ANNAPOLIS – Just before his death at age 60, Rosalind Kipping’s brother told her his death would be one of suffocation.
An orthopedic surgeon, Robert Kipping was diagnosed with interstitial lung disease and was rejected as a candidate for a lung transplant due to a previous bypass surgery.
As a doctor, Rosalind Kipping said, he would have been able to control his own death, but an unexpected heart attack made his escape plan unnecessary.
“Robert did not want to die … But he knew that he was approaching the end of his endurance, and had made his plan for escape,” said Rosalind Kipping, 79. “Should I reach the end of my endurance, I want to know that a plan for escape is available to me.”
Rosalind Kipping was one of dozens who signed up to testify at a joint House committee meeting Friday on the End of Life Option Act, which would allow terminally ill patients in Maryland to choose to end their own lives.
People with a maximum of six months left to live would have the right to ask a doctor to prescribe lethal medication that must be self-administered, according to the bill.
The bill was introduced in the 2015 Maryland General Assembly session as the Right to Try Act, or “Death with Dignity” bill, but did not make it past the committee. This year, it has come back with a new name and other modifications that legislators and supporters hope will get it passed.
“We were told in the hearing last year that all death involved dignity, but dignity is not really the issue,” said Delegate Shane Pendergrass, D-Howard, the bill’s House co-sponsor, before the hearing. “We’ve made several changes, and I’m optimistic, but one never knows.”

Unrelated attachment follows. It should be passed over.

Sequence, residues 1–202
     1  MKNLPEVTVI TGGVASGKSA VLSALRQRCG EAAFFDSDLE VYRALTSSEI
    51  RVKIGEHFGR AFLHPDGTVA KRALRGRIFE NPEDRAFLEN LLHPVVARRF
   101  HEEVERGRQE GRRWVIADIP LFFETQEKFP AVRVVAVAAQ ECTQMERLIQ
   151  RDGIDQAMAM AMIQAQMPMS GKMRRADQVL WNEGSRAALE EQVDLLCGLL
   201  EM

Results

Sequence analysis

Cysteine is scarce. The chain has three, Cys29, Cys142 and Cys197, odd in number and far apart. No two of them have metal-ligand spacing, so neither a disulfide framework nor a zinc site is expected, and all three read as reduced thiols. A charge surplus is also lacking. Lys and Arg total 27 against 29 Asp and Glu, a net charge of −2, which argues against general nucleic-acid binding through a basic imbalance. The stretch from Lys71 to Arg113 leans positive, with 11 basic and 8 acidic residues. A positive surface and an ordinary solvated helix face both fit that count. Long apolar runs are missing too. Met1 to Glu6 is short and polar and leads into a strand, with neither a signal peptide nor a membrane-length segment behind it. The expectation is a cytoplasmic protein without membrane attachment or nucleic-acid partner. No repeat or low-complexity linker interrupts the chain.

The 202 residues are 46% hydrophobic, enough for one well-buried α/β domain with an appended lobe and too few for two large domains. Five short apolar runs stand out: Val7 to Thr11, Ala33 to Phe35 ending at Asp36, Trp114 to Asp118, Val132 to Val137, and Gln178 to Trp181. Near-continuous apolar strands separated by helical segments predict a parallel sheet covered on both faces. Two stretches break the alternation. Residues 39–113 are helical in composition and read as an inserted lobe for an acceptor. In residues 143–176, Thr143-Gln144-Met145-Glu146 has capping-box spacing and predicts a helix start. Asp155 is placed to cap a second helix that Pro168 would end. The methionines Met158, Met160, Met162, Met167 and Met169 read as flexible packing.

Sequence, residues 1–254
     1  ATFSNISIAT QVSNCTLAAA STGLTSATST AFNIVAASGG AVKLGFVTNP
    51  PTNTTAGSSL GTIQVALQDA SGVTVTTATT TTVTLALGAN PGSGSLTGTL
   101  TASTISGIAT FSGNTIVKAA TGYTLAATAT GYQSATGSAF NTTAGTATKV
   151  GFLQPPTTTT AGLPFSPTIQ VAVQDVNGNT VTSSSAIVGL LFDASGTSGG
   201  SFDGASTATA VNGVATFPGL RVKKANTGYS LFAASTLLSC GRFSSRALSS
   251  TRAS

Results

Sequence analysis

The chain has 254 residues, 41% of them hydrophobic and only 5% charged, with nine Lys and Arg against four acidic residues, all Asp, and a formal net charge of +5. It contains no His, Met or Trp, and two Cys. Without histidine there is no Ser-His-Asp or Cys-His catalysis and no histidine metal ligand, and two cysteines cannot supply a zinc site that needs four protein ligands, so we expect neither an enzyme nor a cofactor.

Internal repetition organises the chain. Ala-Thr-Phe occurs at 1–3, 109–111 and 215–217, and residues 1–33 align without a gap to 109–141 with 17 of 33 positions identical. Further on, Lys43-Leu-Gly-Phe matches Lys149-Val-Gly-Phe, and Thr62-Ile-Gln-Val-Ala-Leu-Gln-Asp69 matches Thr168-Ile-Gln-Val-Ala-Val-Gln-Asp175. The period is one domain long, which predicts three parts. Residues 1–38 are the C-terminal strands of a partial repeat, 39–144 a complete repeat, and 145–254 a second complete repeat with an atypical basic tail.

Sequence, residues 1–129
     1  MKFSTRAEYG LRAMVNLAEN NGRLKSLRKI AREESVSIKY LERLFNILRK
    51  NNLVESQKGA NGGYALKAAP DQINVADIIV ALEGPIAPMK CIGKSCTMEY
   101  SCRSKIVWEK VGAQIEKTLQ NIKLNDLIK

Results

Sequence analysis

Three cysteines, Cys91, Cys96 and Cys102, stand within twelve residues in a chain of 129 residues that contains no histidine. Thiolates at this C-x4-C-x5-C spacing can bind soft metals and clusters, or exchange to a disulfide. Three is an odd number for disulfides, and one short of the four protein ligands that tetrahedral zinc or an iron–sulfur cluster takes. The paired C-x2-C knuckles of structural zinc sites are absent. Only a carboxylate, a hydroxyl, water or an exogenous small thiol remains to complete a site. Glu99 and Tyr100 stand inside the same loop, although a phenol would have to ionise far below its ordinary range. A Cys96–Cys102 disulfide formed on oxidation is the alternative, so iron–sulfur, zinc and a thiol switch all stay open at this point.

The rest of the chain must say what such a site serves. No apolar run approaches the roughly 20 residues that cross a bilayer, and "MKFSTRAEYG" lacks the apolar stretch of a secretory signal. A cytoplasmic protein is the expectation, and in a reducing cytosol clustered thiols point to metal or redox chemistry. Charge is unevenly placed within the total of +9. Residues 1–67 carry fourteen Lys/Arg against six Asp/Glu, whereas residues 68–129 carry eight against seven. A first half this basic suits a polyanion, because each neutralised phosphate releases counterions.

The 2016 bill requires patients to have a private consultation with their doctor before prescribing the drug, and they must request the lethal medication three times – twice verbally and once in writing – and have two witnesses approve their decision. One witness may not be a relative or beneficiary of the patient.
“There are people who are suffering, and I don’t want to have to face that,” Pendergrass said. “I see what people go through, and I want to be able to ease my pain or my mother’s and father’s pain. They should have the option to control the process.”
The bill and its Senate version are named for former Annapolis Alderman Richard E. Israel and former Annapolis Mayor Roger “Pip” Moyer, who both died in 2015 after suffering long-term battles with Parkinson’s Disease.
A religion or government should not have the right to make choices for an individual, said Sally Hunt, a volunteer for national nonprofit Compassion and Choices, which works to expand options for those nearing death.
“I’m a very independent person,” Hunt said, “and I make a lot of other decisions in my life. I am the only one who can decide what’s right for me, and I think I have the right to end my life the same way I live it.”
Those against the bill believe people should live life until its natural end.
“If you had a child who had two months left to live, would you let them take a pill that would kill them, or would you opt to be with them?” said Ruby Wilson, a member of the Social Justice Committee at the Sacred Heart Catholic Church in Glyndon, Maryland. “It’s no different than with an adult. It’s suicide.”
Dr. Kevin Donovan, the director of the Center of Clinical Bioethics at Georgetown University, a Catholic institution, said the bill contradicts progressivism and is “deceitful,” and patients should be kept alive as long as possible.
“As a society, we should be offering patients love and support,” Donovan said. “We shouldn’t take (their) hands and lead them to their deaths. The sick and dying deserve so much better.”
According to a 2015 Goucher poll, 60 percent of Marylanders support the bill. If passed, Maryland would be the fifth state, behind Oregon, Washington, Vermont and California, to allow people the choice to end their lives.
“Those are pretty good numbers,” Pendergrass said. “The time has come.”